Undervaluation occurs when the government purchases $10 for every $100 imports purchased by the public, bumping up the price of the dollar by adding to the demand. This allows the government to transparently collect money, avoiding corruption at customs, and creating desperately needed foreign exchange reserves for national benefit.

The question is why, when it is so harmful for local development, have we pursued a policy of mass subsidy for all imports over decades. Billions of dollars in subsidies goes to select industries which profit immensely from cheaper-than-market-value imports. These industries would collapse if the subsidy was withdrawn, and the value of the Pakistani rupee were set by market forces (not the IMF!).

More generally, the wealthy classes enjoy subsidies on luxury imports. But overvaluation is defended on the ground that the poor will have to pay more, even though the subsidy benefits the rich far more.

The imaginative beneficiaries of the billion-dollar sub­­sidies promote an­­other half-truth to sup­port this disast­rous policy.

They acknowledge that additional demand will be created by lower prices for Pakistani goods, but argue that our export industries are working at full capacity and will not be able to expand production to meet the additional demand.

What they say is true in the short run — we may not see an immediate response in terms of increased exports.

In the long run, export-oriented industries could come into existence to satisfy additional global demand created by the cheaper Pakistani rupee.

However, it is costly and risky to set up industries. Putting in the required large investments in production capacity requires confidence that the government will maintain its exchange rate policies. Given the power of the overvaluation lobby, it would be hard for anyone to have such confidence, in order to set up the industry.

The domestic economy will never learn to produce if it is cheaper to import goods at prices subsidised by government borrowing.

The long-term health and prosperity of the economy requires either fair or undervaluation. The present policy of overvaluation works by borrowing dollars to subsidize imports, and cannot be sustained in the long run.

Article is written by Dr. Asad Zaman and published in Dawn News on May 19, 2019.

To read more related materials see https://www.dawn.com/news/1472155/fear-of-floating and https://www.dawn.com/authors/8201/asad-zaman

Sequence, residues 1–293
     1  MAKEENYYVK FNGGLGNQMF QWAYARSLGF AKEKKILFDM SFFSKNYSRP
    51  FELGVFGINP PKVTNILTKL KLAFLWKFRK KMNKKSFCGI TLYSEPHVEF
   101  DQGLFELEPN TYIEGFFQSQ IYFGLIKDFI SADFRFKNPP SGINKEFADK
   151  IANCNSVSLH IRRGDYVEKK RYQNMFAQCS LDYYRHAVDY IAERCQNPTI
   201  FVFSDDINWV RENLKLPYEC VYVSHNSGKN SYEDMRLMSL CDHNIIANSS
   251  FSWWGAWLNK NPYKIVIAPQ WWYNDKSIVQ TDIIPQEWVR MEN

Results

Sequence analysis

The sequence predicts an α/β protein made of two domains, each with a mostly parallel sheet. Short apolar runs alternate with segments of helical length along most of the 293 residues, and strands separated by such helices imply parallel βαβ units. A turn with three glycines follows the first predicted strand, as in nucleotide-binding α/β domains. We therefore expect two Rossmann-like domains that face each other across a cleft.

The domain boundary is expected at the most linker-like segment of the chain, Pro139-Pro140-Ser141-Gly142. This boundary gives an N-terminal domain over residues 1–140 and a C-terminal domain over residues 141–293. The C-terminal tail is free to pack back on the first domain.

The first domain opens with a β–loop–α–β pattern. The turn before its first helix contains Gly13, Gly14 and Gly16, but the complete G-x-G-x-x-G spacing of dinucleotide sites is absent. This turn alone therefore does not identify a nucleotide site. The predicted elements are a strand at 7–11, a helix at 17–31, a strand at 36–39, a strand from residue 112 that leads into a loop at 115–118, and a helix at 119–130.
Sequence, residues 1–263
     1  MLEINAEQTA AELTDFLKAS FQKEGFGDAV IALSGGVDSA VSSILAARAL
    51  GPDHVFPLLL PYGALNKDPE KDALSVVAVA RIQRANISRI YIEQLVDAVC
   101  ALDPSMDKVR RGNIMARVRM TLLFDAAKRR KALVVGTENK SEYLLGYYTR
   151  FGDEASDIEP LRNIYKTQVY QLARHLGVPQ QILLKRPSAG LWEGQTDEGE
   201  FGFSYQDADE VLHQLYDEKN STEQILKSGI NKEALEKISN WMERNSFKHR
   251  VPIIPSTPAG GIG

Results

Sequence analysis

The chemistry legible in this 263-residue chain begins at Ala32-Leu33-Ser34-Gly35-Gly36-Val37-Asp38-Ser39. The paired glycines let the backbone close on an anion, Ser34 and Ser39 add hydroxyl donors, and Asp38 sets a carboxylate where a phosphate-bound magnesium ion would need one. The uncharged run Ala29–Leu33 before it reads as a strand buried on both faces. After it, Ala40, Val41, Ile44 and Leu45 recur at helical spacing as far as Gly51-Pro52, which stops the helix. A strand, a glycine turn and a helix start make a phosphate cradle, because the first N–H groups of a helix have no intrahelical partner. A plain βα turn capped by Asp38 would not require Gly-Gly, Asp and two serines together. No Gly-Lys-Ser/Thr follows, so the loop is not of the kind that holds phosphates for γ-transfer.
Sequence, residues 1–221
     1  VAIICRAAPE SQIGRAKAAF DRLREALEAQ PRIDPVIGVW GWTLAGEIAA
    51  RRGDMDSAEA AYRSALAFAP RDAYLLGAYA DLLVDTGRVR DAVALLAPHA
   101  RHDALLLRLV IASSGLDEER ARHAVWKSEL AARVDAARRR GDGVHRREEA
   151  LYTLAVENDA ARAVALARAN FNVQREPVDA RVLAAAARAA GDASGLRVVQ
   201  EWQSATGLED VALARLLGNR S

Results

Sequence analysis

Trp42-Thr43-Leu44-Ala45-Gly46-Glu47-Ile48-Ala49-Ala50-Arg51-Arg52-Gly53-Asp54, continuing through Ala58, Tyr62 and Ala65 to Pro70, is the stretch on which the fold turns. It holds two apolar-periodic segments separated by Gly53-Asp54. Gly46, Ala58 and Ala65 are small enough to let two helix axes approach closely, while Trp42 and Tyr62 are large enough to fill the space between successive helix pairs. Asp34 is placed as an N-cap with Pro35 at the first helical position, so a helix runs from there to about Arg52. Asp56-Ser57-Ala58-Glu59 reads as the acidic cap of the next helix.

So What do we need to realize?

This article was published in The Daily times on 16th July 2019. All of my articles are actually summaries of the lessons learnt via the teachings of Dr. Asad Zaman.

Once in a training workshop we were given a target to draw a few random geometrical shapes; simple triangles, semicircles and circles. When the time was up to finish our task, trainer showed us a very simple clown we all used to draw as children and asked us how many of us could draw that shape. Obviously none of us were able to do so as we were never clearly told about the objective of the whole exercise. The lesson that I learned that day was; if you are not clear about the purpose of an exercise, no matter how intelligent you are or how capable, you will not be able to achieve the results.

It is very unfortunate that today we are very unclear about the purpose of our lives. We do know the random achievements we want like building a career, earning money, building a house, having a comfortable life etc. This is just being able to draw those random shapes without being able to connect the dots and define a clear purpose of life. We have been deceived into believing ourselves worthless and not more than just resources in production process. Today we are prone to believe in many abnormal and unethical concepts that we never accepted in history. Karl Polanyi writes about this transformation from traditional social setup towards market society. In a market society everything has to come through the market. That means everything is saleable. In almost all religious societies, Muslims, Hindus, Christian or Buddhist etc. children were considered to be collective responsibility and that is why concepts similar to ‘WAQF’ in Islam existed. Where rich and affluent of the society pooled the funds for supporting education of willing students. Today we have come to a point where we are ok with the fact that if a poor person cannot afford to pay for the cure of his disease he may die by the side of the road. This sort of selfish rationalism accelerated in 20th century onwards. It has converted us into aimless material resources with no clear purpose of life.

In order to become human beings again we need to understand and accept two things. First and foremost we need to reject the implicit, hidden poison being fed to us that we are saleable commodities and the sole purpose of our life is to do a job and earn money. This is a very hard first step which will need conscious effort on our parts. Second step will be the search of the true purpose of our lives which raises us above and beyond being a production resource only. When our beliefs will be corrected then and only then we will be able to take effective actions in order to achieve our purpose of life.

Since I first started going to school some three to four decades ago, never once this question about finding the purpose of my life has been discussed or taught to me in my academic life. Is it such a useless question to ask? I don’t think so. This question has been asked since olden days. Philosophers like Aristotle and Plato have discussed it. Modern philosophers have explored it and even existentialists have taken a stance. At least they are trying to answer this very important question. Today we see especially in business world that a mission and vision of a firm is created and then it is coaxed into all the employees. That cannot be in real lives. Vision and mission of life is something that should come from within you. You and only you can decide your vision and mission of your life according to your potential and values. Unfortunately we have been fed too many deception and false purposes of our lives. People who want to harness our energies and potential for their purposes bombard us with too many fake purposes of your lives. Therefore the toughest target is to free ourselves from these random ideas and try and find our own purpose of life.